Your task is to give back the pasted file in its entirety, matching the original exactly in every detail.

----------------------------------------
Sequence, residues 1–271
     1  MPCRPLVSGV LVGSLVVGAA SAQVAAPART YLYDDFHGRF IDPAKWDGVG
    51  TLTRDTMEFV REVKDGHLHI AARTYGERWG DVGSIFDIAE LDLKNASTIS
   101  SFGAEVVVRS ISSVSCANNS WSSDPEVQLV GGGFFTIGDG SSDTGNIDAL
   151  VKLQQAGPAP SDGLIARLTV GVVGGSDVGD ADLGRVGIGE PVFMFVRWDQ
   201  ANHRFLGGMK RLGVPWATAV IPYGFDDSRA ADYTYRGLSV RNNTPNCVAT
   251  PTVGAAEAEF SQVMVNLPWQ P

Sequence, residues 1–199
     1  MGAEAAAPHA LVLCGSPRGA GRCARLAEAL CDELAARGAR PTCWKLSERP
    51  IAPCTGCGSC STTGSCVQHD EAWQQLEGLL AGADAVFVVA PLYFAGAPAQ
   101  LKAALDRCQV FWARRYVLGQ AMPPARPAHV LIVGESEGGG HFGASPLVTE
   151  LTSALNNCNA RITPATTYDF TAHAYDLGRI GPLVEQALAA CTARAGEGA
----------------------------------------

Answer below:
Sequence, residues 1–271
     1  MPCRPLVSGV LVGSLVVGAA SAQVAAPART YLYDDFHGRF IDPAKWDGVG
    51  TLTRDTMEFV REVKDGHLHI AARTYGERWG DVGSIFDIAE LDLKNASTIS
   101  SFGAEVVVRS ISSVSCANNS WSSDPEVQLV GGGFFTIGDG SSDTGNIDAL
   151  VKLQQAGPAP SDGLIARLTV GVVGGSDVGD ADLGRVGIGE PVFMFVRWDQ
   201  ANHRFLGGMK RLGVPWATAV IPYGFDDSRA ADYTYRGLSV RNNTPNCVAT
   251  PTVGAAEAEF SQVMVNLPWQ P

Sequence, residues 1–199
     1  MGAEAAAPHA LVLCGSPRGA GRCARLAEAL CDELAARGAR PTCWKLSERP
    51  IAPCTGCGSC STTGSCVQHD EAWQQLEGLL AGADAVFVVA PLYFAGAPAQ
   101  LKAALDRCQV FWARRYVLGQ AMPPARPAHV LIVGESEGGG HFGASPLVTE
   151  LTSALNNCNA RITPATTYDF TAHAYDLGRI GPLVEQALAA CTARAGEGA